2. Daily checks must be part of your routine. Someone should be looking at your compliance system every day monitoring overall performance, alarms, calibration results, communications and other activities that impact the quality of the data you will be reporting to the regulators.  Monitoring of high level, real-time data activity is usually a shared responsibility between plant operators, I&C technicians and the onsite environmental engineer. Each discipline in your plant level accountability chain should have access to the data that tells them exactly how the compliance system is performing prior to initiating any emission generating operations.  If you are a 24/7 facility, then daily checks should follow established shift routines to ensure everyone is tuned into the status of the monitoring system when they start work each day.

  3. Beyond the daily real-time data checks there is no hard and fast rule as to the best way to manage data system maintenance. Develop a routine that is effective but manageable. You want a simple process that easily integrates into your regular QA and maintenance program. It is easy to say more is better but at the end of the day it comes down to how well your system is performing normally and how well is it supported when you need help.  You will be on a learning curve so begin with higher frequency checks (i.e. weekly) and as confidence builds back it down to a more reasonable rate. Under normal conditions, we recommend conducting QA/QC checks of the data system on at least a bi-monthly basis (2x per month).

  4. Dig in and go below the surface. Use history to guide you in developing your plan. Chances are that problems of the past will repeat themselves in the future. Create procedures that target known or repeatable problem areas.  Use system logs and audit trails in your software to help guide you and consult your service records to help identify common, repeatable issues. As you develop patterns and insights to how your system is working, you can add site-specific QA checks that will minimize effort and maximize results.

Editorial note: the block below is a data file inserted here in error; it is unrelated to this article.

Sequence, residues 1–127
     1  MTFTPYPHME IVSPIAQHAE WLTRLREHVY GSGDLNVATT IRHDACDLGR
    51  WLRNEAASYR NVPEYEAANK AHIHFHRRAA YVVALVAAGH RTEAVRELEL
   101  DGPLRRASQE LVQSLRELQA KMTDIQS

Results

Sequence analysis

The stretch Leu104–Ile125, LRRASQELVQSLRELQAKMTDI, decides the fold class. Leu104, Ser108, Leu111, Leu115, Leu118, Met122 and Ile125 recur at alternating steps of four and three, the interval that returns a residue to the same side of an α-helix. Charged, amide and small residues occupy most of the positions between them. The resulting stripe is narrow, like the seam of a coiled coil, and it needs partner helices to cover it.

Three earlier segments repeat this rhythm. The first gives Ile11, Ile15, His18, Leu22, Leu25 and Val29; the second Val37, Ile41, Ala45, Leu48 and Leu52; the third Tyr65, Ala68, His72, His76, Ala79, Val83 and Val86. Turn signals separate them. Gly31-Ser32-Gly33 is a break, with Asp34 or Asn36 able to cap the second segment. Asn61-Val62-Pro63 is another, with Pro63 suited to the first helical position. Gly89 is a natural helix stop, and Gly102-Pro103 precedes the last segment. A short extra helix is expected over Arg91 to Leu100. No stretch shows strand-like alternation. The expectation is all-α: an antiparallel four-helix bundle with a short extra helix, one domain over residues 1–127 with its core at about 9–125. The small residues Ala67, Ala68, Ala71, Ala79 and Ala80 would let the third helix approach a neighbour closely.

5. Conduct regular quality control on the underlying data that will be used to feed your reporting system. Data validation for air compliance typically starts at the minute level.  Once validated, these minutes feed the higher-level validations and averaging that will be used to populate your reports. If you collect unchecked, “bad” minutes over the course of a reporting quarter then those same minutes will taint, skew and generate bad averages over time. Bad averages make bad reports.  Reporting outliers and errors are red flags for the regulators and put your facility at risk. The sooner you evaluate the quality of the data feeding your reportable averages the better the results. It highlights potential problems before they become significant ones.

  6. Check alarm functions of the system.  There are usually two types of alarms in a data management system used for air compliance; system alarms and compliance events. System alarms indicate a mechanical problem within the overall compliance system or that an unacceptable performance threshold has been reached. These alarms are typically a digital signal from a device and generally don’t impact reportable data.  Other alarms, classified as compliance events, register as a downtime or excess emission and significantly impact your reportable data. These alarms go directly against your compliance obligations and should not be ignored. Routine checks of alarm functionality and associated alert systems is recommended to help prevent data degradation and inaccurate reporting.